The lingonberry is also known in Germany under the names croonsberry, cranberry and reef berry. The evergreen, hardy dwarf shrub with a stature height between 10 cm and 40 cm is popular in the ornamental garden as underplanting of tall trees. In addition to the beautiful flowers of the small shrub, it is above all the small, red, slightly sour fruits that contribute to the cranberry bush being a welcome guest in the hobby garden.

Plant cranberries in the bed

The best possible time to plant the cranberries is autumn, preferably in September or October. If you don’t want to plant before winter, you can alternatively plant the young plants in the ground in early spring when the frost has pulled out.

  • The ideal location is sunny or partial shade.
  • Soil quality is moist, humic and slightly acidic.
  • Lingonberries do not tolerate calcareous potting soil.
  • PH value is between 5 and 6.
  • Loosen heavy soil with bark humus or a sand-gravel mixture.
  • Lower the pH value that is too high by adding peat or bog soil.
  • Enrich potting soil with compost or horn shavings.
  • The planting hole is twice larger than the root ball.
  • A drainage made of gravel or pottery shards prevents waterlogging.
  • The planting distance is 35 cm to 40 cm.
  • Growing in rows makes harvesting easier.
  • Proximity to rhododendrons promotes crop yield.
  • Do not water too tightly.

Experienced gardening enthusiasts plant the young lingonberries a little deeper than before to stimulate the increased formation of new shoots. Since the low pH value is a basic requirement for a successful cultivation of the croonberry, this is determined beforehand with the help of a test kit that is available at the garden center.

Plants in the tub and flower box

Thanks to the decorative habit of the lingonberry, more and more gardening enthusiasts are deciding to cultivate them in pots and flower boxes. In this case, a mixture of rhododendron soil, compost and sand is suitable as a substrate. If you like, you can add a handful of horn shavings. Since cranberry bushes do not tolerate waterlogging, the planter has a drainage system made of gravel, perlite or crushed pottery shards above the drainage hole for excess water. Although cranberries are hardy, there is a risk in the planter that the root ball will freeze through in the event of severe frost. Therefore, winter protection is advisable by placing the bucket on a wooden or styrofoam block and wrapping it with protective film. A layer of straw or brushwood prevents it from freezing through from above.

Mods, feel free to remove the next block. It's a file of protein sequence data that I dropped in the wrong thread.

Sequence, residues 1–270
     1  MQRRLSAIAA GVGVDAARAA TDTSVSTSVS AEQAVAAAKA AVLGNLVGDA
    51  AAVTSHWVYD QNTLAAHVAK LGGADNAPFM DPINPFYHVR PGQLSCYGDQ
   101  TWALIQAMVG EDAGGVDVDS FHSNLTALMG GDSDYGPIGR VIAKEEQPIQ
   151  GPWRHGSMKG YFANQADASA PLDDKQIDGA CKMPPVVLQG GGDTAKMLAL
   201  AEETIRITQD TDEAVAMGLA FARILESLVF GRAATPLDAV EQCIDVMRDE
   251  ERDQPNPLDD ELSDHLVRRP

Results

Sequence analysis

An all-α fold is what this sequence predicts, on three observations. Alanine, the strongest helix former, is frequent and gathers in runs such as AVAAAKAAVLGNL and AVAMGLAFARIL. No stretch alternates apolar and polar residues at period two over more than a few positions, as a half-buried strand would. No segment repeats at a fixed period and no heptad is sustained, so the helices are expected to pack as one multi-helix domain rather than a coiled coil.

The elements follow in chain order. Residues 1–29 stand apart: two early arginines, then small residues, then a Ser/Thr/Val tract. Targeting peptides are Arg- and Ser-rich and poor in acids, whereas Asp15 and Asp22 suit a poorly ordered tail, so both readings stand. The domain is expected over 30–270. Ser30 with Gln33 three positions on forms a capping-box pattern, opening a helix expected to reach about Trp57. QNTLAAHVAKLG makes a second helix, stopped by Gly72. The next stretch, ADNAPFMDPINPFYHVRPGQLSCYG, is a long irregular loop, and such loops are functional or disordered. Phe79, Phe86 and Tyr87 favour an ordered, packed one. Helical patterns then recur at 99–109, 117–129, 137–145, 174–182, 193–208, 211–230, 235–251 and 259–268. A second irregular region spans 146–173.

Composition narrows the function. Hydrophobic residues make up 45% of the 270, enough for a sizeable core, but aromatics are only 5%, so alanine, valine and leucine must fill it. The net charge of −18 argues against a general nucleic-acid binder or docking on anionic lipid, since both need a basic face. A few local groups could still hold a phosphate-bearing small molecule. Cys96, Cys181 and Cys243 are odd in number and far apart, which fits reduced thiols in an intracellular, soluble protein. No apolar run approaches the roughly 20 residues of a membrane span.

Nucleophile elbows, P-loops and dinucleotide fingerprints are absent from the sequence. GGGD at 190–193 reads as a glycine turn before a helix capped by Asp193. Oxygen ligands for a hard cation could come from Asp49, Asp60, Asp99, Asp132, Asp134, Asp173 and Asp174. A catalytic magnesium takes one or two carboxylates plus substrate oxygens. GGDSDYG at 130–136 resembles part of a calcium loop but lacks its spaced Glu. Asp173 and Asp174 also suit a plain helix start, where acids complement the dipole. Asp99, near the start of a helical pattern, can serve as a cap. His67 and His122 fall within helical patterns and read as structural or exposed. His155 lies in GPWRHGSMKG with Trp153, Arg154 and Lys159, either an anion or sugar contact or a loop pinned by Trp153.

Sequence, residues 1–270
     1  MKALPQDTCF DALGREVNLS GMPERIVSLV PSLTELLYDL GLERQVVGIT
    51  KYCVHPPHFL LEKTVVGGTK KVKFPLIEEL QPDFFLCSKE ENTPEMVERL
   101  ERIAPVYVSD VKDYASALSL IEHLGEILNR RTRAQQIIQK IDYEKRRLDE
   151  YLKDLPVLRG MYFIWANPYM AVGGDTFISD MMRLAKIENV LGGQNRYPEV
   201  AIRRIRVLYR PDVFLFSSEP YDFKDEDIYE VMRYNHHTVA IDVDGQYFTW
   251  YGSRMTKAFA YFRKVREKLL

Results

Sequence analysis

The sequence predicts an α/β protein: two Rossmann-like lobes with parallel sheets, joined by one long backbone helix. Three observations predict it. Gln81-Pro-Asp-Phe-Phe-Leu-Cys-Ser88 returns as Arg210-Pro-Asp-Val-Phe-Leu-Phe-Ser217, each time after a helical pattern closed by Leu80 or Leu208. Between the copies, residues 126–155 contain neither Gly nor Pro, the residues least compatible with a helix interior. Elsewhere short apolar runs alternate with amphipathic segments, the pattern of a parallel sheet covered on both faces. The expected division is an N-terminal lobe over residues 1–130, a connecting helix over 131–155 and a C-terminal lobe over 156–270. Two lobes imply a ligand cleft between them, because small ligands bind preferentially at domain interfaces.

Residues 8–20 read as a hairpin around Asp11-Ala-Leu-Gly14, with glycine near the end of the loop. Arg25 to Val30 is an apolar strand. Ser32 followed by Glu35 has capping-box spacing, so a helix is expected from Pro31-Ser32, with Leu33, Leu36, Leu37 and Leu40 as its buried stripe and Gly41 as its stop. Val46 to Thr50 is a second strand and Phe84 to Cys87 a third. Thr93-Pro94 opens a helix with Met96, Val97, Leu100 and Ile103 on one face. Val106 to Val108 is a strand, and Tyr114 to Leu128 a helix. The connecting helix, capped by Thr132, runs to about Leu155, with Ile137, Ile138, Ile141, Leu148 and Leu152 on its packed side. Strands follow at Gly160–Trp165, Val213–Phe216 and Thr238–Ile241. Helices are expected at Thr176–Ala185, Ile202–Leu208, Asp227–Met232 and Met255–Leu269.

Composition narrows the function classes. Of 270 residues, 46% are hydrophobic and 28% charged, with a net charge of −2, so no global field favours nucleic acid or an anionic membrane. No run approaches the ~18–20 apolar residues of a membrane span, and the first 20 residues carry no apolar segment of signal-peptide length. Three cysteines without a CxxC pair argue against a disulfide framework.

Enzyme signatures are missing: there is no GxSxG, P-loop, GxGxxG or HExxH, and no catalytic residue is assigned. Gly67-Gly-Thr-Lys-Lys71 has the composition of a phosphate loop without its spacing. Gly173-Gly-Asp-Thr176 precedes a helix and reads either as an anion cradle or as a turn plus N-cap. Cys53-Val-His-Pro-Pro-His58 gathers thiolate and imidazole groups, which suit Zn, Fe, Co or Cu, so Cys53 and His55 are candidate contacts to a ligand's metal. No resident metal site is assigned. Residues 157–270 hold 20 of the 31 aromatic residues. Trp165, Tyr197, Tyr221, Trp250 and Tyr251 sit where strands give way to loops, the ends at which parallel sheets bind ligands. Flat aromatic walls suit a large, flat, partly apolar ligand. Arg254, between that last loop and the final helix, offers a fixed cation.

Care instructions

In the first two years, the lingonberry bushes do not yet bear fruit. The first harvest is usually carried out in the third year from September. From then on it will even be possible to harvest twice every year, namely in June / July and in October. So that the berry harvest is always productive, the following tips and advice on care should be heeded:

  • Always water with rainwater.
  • Alternatively, use boiled tap water.
  • Avoid waterlogging.
  • Fertilize once a year with compost and horn meal.
  • Do not use fertilizers containing chlorine.
  • Regular weeding is essential.
  • Do not use a weed killer.
  • Mulching with sawdust, lawn clippings or pine needles.
  • If necessary, prune slightly after flowering.
  • Cut out old wood every year.
  • Water thoroughly before winter.
  • Winter protection is not required.

Thinning out after flowering ensures that the sun can reach all parts of the shrub so that the cranberries are red and juicy. Extensive pruning of the dwarf shrub is only advisable if it is aging. Since lingonberries are hardy down to -20 ° Celsius, winter protection is not required. Only when the temperatures drop below this mark are they covered with straw or brushwood.


If gardening enthusiasts want to multiply their cranberry bushes, there are various methods to choose from:

A strong shoot is lowered to the ground, where it is lightly covered with earth in a channel previously drawn with a spade. So that the lowering device does not jump up again, it is weighted down with stones or fixed with staples (U-shaped nails). The rooting is forced by lightly scratching the shoot in several places with a sharp knife or a razor blade. At the end, the tip of the shoot still has to look out of the earth. As with planting, autumn is the best time for the measure for propagation by lowering. Experience has shown that by next spring such a strong root system has formed on the shoot that it can be separated from the mother plant.

Another very promising method of propagation is with the help of cuttings. In the course of summer, during the growth phase, several strong, non-flowering shoots with a length of 10 cm to 15 cm are cut off from the lingonberry bush. All leaves are removed from the lower half of the shoots. An old horticultural saying goes that ‘stolen’ cuttings are best rooted. The reason for this is more likely that the stolen shoots are usually transported in the jacket pocket for a while, which causes the interfaces to dry out. Experienced gardening enthusiasts therefore place the shoots in the shade for about 2 hours before continuing with the propagation. The cuttings are put into small pots with potting soil and kept in a warm place, where the substrate is permanently kept slightly moist. By September or October they will have developed such a stable root system that they can be planted in their final location.